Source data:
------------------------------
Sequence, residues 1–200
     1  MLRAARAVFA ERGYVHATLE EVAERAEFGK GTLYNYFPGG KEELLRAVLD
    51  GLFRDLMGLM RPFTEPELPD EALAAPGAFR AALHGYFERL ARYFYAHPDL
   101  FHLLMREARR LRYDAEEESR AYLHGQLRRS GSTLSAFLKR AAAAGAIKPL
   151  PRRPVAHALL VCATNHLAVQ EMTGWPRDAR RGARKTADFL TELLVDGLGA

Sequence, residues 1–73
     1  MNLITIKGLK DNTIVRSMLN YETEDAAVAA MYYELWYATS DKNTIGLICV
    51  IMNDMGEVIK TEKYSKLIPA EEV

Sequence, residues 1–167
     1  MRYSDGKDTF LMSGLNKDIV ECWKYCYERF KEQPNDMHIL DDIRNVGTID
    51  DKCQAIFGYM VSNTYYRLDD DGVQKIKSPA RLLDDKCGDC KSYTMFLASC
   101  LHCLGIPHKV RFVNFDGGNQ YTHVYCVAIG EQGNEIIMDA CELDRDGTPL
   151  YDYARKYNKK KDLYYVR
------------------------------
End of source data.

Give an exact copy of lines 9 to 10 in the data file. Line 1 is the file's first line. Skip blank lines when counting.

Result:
Sequence, residues 1–167
     1  MRYSDGKDTF LMSGLNKDIV ECWKYCYERF KEQPNDMHIL DDIRNVGTID